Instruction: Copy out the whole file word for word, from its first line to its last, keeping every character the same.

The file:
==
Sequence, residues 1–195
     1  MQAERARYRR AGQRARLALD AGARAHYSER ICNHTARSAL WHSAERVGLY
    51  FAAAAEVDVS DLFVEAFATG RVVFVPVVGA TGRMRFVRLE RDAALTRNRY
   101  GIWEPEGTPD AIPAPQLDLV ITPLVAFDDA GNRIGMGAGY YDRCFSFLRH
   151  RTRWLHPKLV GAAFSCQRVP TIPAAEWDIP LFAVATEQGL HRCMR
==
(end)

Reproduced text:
Sequence, residues 1–195
     1  MQAERARYRR AGQRARLALD AGARAHYSER ICNHTARSAL WHSAERVGLY
    51  FAAAAEVDVS DLFVEAFATG RVVFVPVVGA TGRMRFVRLE RDAALTRNRY
   101  GIWEPEGTPD AIPAPQLDLV ITPLVAFDDA GNRIGMGAGY YDRCFSFLRH
   151  RTRWLHPKLV GAAFSCQRVP TIPAAEWDIP LFAVATEQGL HRCMR